Millions of people live in poverty in this country. They suffer not only material deprivation, but also the hardships and diminished life prospects that come with being poor. Childhood poverty often means growing up without the advantages of a stable home, high-quality schools, or consistent nutrition. Adults in poverty are often hampered by inadequate skills and education, leading to limited wages and job opportunities. And the high costs of housing, healthcare, and other necessities often mean that people must choose between basic needs, sometimes forgoing essentials like meals or medicine. In recognition of these challenges, The Hamilton Project has commissioned fourteen innovative, evidence-based antipoverty proposals. These proposals are authored by a diverse set of leading scholars, each tackling a specific aspect of the poverty crisis.
Section 1. Promoting Early Childhood Development Expanding Preschool Access for Disadvantaged Children
Elizabeth U. Cascio and Diane Whitmore Schanzenbach
From the press release:
The U.S. housing recovery should regain its footing, but also faces a number of challenges, concludes The State of the Nation’s Housing report released today by the Joint Center for Housing Studies of Harvard University. Tight credit, still elevated unemployment, and mounting student loan debt among young Americans are moderating growth and keeping millennials and other first-time homebuyers out of the market. … Although the housing industry saw notable increases in construction, home prices, and sales in 2013, household growth has yet to fully recover from the effects of the recession. Young Americans, saddled with higher-than-ever student loan debt and falling incomes, continue to live with their parents. Indeed, some 2.1 million more adults in their 20s lived with their parents last year, and student loan balances increased by $114 billion. Still, given the sheer volume of young adults coming of age, the number of households in their 30s should increase by 2.7 million over the coming decade, which should boost demand for new housing. … Additionally, the report (and an interactive map on the Joint Center website) highlights the ongoing affordability challenge facing the country, as cost burdens remain near record levels and over 35 percent of Americans spend more than 30 percent of their income for housing. The situation is particularly grim for renters, where 50 percent are cost burdened and 28 percent are severely cost burdened (meaning they spend over half of their income for housing.) ….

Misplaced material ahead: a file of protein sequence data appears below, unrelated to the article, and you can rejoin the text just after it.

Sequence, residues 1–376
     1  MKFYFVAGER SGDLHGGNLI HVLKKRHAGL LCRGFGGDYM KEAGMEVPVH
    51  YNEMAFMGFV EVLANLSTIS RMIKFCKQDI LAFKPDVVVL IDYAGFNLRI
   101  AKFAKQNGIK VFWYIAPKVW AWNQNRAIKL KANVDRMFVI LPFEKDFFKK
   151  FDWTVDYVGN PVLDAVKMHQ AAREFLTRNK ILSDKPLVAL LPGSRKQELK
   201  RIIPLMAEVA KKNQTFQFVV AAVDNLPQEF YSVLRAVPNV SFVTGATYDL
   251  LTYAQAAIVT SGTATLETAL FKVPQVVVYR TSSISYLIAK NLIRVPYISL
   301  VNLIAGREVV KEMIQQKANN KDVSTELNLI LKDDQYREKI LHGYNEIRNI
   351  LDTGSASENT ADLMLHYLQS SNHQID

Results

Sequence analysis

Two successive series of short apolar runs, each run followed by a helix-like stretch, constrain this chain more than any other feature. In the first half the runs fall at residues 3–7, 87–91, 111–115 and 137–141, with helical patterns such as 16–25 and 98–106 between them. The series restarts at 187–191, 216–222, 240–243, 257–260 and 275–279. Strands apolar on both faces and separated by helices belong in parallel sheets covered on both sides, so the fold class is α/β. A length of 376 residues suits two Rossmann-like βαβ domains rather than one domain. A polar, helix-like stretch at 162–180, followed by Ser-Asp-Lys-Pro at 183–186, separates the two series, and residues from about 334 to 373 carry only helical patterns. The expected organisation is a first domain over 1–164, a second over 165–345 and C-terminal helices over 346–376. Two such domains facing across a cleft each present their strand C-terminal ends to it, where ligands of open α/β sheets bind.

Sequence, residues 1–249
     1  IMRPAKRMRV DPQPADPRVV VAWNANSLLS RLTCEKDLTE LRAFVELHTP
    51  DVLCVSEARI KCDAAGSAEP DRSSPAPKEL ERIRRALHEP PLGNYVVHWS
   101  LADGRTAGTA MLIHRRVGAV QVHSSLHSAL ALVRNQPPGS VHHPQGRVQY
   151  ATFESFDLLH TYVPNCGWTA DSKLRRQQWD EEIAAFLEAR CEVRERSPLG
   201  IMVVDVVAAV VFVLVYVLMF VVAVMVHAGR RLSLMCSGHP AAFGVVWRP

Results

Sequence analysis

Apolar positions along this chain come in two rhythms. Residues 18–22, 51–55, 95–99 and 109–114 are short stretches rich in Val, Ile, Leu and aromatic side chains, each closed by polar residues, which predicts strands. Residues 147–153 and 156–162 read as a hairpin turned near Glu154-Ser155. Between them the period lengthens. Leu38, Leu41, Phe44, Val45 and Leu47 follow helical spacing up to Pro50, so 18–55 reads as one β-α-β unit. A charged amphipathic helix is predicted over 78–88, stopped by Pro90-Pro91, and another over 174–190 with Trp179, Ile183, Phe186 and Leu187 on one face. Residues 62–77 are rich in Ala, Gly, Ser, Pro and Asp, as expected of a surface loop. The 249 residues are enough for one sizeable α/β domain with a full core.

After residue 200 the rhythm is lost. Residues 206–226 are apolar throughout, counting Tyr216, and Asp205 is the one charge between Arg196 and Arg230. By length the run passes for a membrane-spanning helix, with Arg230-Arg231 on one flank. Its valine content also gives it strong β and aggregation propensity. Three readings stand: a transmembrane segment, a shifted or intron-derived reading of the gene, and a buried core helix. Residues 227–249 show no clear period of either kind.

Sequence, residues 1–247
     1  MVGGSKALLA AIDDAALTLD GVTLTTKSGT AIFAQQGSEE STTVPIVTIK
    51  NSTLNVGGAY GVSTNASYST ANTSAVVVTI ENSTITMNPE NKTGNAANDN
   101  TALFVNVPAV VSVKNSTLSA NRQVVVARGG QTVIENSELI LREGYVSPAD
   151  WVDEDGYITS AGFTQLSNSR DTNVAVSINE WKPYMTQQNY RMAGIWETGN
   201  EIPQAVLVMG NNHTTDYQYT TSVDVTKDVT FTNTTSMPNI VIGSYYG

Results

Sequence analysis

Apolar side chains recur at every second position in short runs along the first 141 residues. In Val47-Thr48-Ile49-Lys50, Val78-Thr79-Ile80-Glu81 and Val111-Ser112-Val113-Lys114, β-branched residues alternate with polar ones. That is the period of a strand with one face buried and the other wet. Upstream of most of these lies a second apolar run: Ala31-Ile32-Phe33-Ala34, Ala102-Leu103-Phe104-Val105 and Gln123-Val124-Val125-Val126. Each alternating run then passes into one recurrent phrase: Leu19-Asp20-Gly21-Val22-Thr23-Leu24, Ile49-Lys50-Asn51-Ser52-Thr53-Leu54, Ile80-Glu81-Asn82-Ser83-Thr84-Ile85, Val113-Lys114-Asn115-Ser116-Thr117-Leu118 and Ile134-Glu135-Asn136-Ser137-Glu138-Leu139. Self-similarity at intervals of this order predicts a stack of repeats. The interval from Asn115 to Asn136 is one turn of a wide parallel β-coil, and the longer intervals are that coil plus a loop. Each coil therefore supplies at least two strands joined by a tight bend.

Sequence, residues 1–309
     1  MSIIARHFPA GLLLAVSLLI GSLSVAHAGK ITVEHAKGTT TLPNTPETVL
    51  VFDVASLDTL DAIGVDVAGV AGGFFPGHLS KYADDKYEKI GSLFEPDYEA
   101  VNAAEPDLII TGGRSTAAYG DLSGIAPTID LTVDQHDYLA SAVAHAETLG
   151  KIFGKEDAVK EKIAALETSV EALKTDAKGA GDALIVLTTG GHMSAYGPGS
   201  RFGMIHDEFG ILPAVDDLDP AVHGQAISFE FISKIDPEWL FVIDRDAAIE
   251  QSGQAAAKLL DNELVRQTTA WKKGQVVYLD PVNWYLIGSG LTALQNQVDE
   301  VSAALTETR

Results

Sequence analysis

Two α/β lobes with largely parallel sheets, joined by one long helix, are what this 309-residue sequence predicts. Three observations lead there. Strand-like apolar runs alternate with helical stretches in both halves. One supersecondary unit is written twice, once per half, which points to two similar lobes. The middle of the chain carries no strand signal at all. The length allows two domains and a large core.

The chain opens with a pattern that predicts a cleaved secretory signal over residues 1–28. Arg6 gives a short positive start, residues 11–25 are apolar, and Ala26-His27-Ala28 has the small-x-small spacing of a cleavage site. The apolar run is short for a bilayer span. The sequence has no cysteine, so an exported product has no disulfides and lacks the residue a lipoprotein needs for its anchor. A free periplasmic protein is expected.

Related: Key Facts Webcast Video
From the abstract:
This research examines how the empowerment of residents’ family members and nursing home employees in managerial decision making is related to service quality. The study was conducted using data from 33 nursing homes in the United States. Surveys were administered to more than 1,000 employees on-site and mailed to the primary-contact family member of each resident. The resulting multilevel data were analyzed using hierarchical linear modeling. The empowerment of families in decision making was positively associated with their perceptions of service quality. The empowerment of nursing staff in decision making was more strongly related to service quality than the empowerment of nonnursing staff. Among nursing staff, the empowerment of nursing assistants improved service quality more than the empowerment of nurses